Features & Images » Feature Story

Right of Passage

Safely and efficiently moving people and wildlife on Banff’s section of the Trans-Canada Highway and beyond

by

comment

While the idea of wildlife-specific crossings is nothing new to Banff National Park, it is only in the last decade (and more predominantly in recent years) that scientists, parks staff and researchers are beginning to comprehend and effectively utilize the 30-odd years of research collected along Banff National Park’s section of the Trans-Canada Highway.

Going back to the mid 1970s, when the onslaught of ever increasing human traffic began, it was decided that the amount of both human and wildlife fatalities due to highway collisions was simply no longer acceptable. It was then that Parks Canada began to come up with an ambitious plan; one that they most likely never imagined would make Banff the world leader for animal specific crossings and attract researchers from around the globe to come and observe their achievements.

By 1981, with highway traffic increasing considerably on an annual basis it was time for major upgrades to begin.   Completely bisecting the park through the Bow Valley at a crucial area for wildlife feeding, mating and dispersion of offspring, the Trans-Canada needed to be transformed from two lanes into four while implementing a tangible plan that allowed wildlife the same right of passage as the millions of visiting motorists. The goal was to maintain ecological integrity amongst the parks diverse wildlife population.

In those plans it was decided to build 22 underpasses and two overpasses over 45 kilometres of fenced-in highway, as well as to create a progressive visitor education program that would combat wildlife feeding and reduce the speed limit to 90 km/h.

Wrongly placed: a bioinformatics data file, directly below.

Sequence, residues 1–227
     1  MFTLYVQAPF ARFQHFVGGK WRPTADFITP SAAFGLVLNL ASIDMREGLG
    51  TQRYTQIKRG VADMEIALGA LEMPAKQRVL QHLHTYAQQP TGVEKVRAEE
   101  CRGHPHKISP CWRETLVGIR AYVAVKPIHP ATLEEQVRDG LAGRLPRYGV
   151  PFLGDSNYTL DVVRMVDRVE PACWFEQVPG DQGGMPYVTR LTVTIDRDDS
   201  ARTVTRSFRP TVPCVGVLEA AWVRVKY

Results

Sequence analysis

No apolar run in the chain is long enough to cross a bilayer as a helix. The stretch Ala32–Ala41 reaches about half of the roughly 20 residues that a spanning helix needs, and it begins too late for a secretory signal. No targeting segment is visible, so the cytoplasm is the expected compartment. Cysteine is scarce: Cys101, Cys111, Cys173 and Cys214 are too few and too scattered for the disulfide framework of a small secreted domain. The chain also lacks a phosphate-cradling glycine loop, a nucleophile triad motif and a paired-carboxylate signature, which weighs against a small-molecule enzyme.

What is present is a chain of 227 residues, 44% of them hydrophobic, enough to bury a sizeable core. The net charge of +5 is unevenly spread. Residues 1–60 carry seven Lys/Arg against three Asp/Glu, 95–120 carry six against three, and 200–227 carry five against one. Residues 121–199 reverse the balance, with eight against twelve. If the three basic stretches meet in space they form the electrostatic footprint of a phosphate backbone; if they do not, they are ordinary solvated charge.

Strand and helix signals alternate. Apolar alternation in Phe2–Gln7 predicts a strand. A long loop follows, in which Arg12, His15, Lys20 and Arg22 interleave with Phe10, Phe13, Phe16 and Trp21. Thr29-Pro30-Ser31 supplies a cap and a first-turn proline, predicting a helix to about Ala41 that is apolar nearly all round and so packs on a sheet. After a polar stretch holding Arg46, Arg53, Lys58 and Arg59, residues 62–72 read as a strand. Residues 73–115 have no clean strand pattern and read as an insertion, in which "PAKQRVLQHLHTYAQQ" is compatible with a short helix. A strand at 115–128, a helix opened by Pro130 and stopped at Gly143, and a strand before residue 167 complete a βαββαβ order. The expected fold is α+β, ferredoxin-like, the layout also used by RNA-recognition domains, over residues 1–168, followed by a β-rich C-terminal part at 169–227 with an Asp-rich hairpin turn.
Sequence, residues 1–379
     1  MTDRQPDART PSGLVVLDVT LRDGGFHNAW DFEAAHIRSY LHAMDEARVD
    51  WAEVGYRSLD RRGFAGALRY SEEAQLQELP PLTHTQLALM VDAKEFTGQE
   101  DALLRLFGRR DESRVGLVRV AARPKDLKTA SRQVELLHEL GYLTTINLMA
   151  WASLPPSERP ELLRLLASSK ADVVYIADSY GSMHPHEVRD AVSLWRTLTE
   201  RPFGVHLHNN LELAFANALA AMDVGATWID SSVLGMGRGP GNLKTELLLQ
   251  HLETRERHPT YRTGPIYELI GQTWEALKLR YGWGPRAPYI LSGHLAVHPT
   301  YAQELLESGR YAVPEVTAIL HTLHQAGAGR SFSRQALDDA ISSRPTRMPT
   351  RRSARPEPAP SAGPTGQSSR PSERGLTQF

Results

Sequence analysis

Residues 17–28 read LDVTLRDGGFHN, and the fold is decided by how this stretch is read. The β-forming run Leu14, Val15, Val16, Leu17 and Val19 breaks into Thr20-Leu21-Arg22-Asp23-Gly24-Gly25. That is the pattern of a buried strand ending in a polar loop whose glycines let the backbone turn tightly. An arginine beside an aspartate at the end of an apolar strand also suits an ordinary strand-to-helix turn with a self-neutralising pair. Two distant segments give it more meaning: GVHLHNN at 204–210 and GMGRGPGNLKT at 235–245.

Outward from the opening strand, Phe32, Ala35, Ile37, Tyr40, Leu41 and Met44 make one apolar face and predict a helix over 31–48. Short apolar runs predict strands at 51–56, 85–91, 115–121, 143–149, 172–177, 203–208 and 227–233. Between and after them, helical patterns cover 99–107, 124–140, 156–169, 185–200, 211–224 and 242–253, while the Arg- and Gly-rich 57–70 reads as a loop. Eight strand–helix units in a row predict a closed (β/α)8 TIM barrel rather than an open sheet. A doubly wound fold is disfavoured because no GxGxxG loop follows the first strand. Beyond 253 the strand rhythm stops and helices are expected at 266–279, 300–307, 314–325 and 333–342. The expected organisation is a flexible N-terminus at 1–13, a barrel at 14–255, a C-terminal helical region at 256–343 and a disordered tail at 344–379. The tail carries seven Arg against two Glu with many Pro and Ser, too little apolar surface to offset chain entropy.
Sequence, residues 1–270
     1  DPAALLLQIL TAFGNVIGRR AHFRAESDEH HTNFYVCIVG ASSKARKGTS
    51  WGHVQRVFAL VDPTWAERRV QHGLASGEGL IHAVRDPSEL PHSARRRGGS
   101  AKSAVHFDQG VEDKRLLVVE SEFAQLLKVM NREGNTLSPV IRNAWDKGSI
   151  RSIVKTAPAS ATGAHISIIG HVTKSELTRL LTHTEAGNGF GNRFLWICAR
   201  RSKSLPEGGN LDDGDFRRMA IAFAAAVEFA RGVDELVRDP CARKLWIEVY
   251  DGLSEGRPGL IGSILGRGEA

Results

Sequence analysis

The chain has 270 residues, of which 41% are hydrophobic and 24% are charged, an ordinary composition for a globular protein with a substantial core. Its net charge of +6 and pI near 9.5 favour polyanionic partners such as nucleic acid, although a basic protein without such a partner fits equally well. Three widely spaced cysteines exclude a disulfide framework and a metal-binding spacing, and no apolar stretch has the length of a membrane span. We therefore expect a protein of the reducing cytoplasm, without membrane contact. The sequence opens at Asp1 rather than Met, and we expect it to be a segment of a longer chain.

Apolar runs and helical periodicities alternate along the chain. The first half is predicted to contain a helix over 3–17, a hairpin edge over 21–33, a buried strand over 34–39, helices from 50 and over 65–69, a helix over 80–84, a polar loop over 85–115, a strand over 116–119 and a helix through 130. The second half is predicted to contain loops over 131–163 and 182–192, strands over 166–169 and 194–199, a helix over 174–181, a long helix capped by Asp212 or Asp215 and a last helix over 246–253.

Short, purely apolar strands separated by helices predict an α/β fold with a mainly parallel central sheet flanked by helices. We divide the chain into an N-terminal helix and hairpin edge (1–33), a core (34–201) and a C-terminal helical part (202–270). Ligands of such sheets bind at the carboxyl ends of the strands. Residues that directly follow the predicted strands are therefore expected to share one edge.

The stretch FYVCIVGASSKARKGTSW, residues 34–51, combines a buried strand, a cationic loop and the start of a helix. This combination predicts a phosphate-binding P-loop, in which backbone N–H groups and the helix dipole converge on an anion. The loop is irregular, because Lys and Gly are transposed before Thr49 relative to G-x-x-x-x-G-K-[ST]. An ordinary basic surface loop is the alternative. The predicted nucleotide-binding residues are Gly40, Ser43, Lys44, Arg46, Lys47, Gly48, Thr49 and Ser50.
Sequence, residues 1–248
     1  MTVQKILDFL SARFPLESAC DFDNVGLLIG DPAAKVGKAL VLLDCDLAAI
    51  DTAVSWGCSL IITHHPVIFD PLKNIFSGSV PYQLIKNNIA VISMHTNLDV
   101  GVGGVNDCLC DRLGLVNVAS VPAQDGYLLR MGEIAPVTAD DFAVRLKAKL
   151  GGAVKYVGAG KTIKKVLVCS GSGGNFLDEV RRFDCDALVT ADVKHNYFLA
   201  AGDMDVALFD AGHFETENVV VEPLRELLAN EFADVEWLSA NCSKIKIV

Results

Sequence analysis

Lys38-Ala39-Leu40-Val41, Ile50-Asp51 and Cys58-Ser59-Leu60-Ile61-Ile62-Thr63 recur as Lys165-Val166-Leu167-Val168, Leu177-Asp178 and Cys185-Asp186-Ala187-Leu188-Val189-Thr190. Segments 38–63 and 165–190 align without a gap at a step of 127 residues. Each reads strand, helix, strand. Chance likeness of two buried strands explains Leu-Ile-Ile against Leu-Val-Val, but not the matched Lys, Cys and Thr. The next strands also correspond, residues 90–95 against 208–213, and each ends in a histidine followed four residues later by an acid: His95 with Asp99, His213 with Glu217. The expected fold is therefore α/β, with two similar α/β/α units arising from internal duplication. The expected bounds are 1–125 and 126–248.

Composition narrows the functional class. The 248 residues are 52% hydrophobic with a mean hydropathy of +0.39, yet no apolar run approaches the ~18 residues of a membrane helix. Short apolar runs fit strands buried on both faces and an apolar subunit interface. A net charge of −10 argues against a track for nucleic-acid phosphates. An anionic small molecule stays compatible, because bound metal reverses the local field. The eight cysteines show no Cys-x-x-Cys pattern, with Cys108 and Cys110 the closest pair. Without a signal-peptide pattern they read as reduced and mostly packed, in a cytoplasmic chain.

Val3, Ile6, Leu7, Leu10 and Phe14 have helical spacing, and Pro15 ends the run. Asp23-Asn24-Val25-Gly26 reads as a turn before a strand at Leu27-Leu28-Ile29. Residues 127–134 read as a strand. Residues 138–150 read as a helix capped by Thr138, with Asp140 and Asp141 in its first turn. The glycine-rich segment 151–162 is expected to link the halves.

Those implementations effectively gave Banff more wildlife passages than any other place in the world and positively modified visitor behavior to cut ungulate animal collisions by over 96 per cent and non-hoofed animal collisions by over 80 per cent (given that bears occasionally still climb over fences and animals such as coyotes and wolves still find the need to sporadically dig under them).

  Research using a mix of both primitive and modern day techniques continue to this day, giving researchers a wealth of data on which to study the movement and habits of all animals that now commute using these park features.

Freshly racked sand pads provide paw and hoof prints identifying different types of animals while silent remote digital cameras snap four photographs in rapid succession at one second intervals, recording behavior and how animals react while using crossings. Strategically strung barbed wire retains fur or hair samples which can be used to track individual animals and their anatomy through DNA testing.

With this information, parks staff continually modify crossings to seem as comfortable and as natural as possible for the diverse wildlife that depend on them for to roam freely through the park.

The 50-metre-wide overpasses that come with a price tag of $2.5 million dollars each contain several natural features that attempt to blend into the natural landscape. Fifteen-metre banked walls on either side block traffic out of sight and nearby native plants and soils are planted along the crossings to camouflage into the landscape. Where feasible, some underpasses mask the overhead noise of traffic with running water as animals are more comfortable with crossings containing creeks.

With up to 24,000 cars a day on that section of the Trans-Canada in summer months, the highway is currently undergoing another major expansion from two to four lanes from Lake Louise’s Castle Junction all the way to the B.C. border, which will involve building an additional 16 underpasses and two new overpasses.

Speaking with Tony Clevenger and Cathy Gill of communications for the Banff Wildlife Crossings Project of Parks Canada, Pique Newsmagazine got a better insight on the project’s successes, challenges and what lay ahead.

 

Pique: Since construction how many animal crossings have taken place on or through the 24 over/underpasses and what animals frequent them the most?